Guanacaste had the lowest number of traffic accidents in the country between 2013 and 2017, with 4,461 incidents of this kind, but when they happened, 40% of them caused serious injuries and even fatalities. In other words, two out of five collisions had serious consequences for human lives.
In addition, the figure has been increasing every year. In 2013, 37% of accidents left people dead or seriously injured. That figure increased to 43% in 2017, according to an analysis conducted by The Voice of Guanacaste with statistics from the Road Safety Observatory of the National Road Council (Conavi).
Those with the highest number of deaths on the road, according to the analysis, are men between the ages of 19 and 39, who in the majority of cases ride motorcycles and who are driving on weekends between 8 p.m. and 6 a.m., a profile almost identical to the majority of fatalities due to traffic accidents in the rest of the country.
To reach these conclusions, The Voice of Guanacaste analyzed two databases from 2013 to 2017 and corroborated them with the Conavi statistical yearbooks. The analysis includes both cantonal and national routes and traffic accidents in which at least one person was injured or there was at least one deceased. These data originally come from tickets issued by traffic officers.
There are multiple causes are there is not one simple solution, but national authorities and experts in the field have at least identified them.
A bicycle goes out on the right and changes from one lane to another without warning. A man crosses the road without looking in an area where there is no pedestrian crossing or traffic light nearby. Motorcycles zigzag between cars and it seems like everyone understands that dynamic: almost nobody beeps their horns in this coexistence on automatic mode.
The scene is from a Monday in November at 10 a.m. in the center of Nicoya, but it could well be a postcard from any of the other most populated cities in the province.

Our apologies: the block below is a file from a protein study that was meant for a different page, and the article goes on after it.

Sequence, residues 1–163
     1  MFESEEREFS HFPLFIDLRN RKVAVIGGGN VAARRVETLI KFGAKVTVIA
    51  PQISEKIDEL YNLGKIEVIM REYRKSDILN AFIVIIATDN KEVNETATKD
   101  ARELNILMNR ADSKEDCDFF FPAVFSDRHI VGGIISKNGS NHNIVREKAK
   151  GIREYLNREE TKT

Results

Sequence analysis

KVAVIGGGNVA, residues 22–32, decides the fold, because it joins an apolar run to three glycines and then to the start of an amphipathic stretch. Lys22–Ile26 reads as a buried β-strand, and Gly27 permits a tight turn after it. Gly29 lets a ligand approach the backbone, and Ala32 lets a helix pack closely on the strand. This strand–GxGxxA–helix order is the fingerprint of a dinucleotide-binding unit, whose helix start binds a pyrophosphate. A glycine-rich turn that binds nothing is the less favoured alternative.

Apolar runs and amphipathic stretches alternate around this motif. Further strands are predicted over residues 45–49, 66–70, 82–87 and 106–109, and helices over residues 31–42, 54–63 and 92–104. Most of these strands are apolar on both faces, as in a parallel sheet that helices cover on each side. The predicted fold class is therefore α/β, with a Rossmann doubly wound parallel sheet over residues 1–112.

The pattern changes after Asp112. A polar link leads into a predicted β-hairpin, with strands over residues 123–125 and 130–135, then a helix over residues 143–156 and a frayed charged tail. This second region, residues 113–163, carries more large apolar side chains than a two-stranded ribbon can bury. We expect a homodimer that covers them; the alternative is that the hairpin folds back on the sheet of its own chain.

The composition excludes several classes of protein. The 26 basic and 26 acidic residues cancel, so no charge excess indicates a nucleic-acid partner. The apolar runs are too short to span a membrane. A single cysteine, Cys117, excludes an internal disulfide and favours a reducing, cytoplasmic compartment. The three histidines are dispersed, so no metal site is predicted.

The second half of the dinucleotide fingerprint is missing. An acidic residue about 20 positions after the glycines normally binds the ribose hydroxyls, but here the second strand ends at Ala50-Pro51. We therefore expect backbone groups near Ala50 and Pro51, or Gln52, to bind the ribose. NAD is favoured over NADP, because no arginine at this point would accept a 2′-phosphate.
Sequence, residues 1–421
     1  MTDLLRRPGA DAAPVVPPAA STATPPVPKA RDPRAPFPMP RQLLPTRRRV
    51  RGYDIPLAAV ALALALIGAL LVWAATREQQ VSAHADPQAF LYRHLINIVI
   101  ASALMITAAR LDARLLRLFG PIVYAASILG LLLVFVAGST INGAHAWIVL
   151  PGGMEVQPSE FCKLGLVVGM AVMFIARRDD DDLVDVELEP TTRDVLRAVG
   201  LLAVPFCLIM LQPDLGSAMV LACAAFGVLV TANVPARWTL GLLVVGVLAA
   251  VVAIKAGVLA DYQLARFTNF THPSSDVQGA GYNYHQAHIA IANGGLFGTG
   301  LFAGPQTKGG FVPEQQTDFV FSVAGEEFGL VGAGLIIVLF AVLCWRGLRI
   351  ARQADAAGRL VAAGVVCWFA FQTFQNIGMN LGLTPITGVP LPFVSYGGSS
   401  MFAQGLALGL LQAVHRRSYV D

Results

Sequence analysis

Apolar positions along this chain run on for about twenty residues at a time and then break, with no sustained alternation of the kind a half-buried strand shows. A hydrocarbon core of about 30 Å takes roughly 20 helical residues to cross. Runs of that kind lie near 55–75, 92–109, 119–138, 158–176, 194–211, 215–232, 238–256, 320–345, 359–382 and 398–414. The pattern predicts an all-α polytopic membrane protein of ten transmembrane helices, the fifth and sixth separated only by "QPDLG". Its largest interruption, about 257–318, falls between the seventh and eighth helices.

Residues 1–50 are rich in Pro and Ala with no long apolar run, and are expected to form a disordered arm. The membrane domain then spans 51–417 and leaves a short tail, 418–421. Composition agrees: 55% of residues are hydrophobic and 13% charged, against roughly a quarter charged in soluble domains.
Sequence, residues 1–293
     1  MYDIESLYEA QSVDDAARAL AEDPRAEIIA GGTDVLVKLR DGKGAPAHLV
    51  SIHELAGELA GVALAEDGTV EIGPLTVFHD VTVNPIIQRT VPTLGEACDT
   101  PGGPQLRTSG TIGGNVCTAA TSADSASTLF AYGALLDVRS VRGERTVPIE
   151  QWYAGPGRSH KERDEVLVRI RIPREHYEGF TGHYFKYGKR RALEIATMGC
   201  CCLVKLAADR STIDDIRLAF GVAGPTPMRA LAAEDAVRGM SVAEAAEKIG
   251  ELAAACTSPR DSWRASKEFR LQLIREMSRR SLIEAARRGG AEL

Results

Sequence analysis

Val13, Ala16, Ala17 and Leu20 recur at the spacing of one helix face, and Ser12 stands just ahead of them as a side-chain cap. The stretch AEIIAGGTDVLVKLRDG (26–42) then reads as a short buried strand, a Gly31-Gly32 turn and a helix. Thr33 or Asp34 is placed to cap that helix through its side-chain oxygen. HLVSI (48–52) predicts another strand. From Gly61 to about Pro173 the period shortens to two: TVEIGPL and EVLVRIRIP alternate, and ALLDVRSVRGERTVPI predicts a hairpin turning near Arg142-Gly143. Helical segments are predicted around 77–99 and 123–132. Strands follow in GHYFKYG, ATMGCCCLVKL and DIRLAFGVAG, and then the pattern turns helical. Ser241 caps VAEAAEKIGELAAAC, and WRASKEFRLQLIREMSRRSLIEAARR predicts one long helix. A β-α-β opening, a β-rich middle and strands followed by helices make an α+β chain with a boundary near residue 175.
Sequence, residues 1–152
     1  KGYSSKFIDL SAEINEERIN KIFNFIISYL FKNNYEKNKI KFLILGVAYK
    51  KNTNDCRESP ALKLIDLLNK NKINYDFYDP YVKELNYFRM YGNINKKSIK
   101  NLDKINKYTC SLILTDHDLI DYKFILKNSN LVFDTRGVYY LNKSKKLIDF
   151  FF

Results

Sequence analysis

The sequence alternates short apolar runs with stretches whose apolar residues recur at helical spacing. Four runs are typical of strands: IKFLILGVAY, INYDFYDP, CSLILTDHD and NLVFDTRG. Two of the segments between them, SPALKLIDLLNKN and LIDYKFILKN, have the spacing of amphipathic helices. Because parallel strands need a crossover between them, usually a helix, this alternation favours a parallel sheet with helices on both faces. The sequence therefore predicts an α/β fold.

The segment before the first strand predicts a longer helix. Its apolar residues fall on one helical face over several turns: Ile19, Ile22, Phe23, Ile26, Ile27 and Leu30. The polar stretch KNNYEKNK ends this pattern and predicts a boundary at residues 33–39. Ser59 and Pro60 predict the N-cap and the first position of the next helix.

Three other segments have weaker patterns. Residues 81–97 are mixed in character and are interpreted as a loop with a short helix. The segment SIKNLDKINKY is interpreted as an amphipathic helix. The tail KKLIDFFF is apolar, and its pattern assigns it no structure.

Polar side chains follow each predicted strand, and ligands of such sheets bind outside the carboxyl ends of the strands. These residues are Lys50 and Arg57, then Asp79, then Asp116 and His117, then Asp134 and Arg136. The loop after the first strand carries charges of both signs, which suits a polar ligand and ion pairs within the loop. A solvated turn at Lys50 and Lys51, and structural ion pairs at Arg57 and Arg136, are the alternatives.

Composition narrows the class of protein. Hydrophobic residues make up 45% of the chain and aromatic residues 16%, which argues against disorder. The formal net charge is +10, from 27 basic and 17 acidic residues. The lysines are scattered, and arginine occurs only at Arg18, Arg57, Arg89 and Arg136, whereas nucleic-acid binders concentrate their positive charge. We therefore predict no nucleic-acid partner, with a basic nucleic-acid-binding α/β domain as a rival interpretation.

This coexistence of so many elements in one place is one of the risk factors that, according to the National Road Council (Cosevi) geographer Francisco Castro, explains the amount of roadway crashes, as well as elements that put the vulnerable population such as pedestrians or cyclists at risk.
Car crashes are the second cause and collisions with bicycles turned out to be the third most frequent type of accident in the province in the five years analyzed.
According to statistics, the three kilometers in Guanacaste with the highest number of accidents with serious injuries or deaths reported in five years (2013 to 2017) are located at points close to the municipal seats of the cantons of Nicoya, Santa Cruz and Liberia.
“We do not plan the land use zoning of a territory based on the roads that traverse it, so we end up with high-speed routes that flow drastically into a city center, and that is a risk,” the specialist commented.
As an example, in Nicoya, Castro pointed out the street that passes in front of La Anexión Hospital, where supermarkets, gas stations, food stands and restaurants coexist within less than 100 meters of the hospital. “It’s a road with too much pressure, and where everyone converges at the same point, it’s a ticking time bomb for accidents,” he said.
The authorities can regulate these spots and identify the best way to accommodate the different activities based on the roads that we have,” he concluded.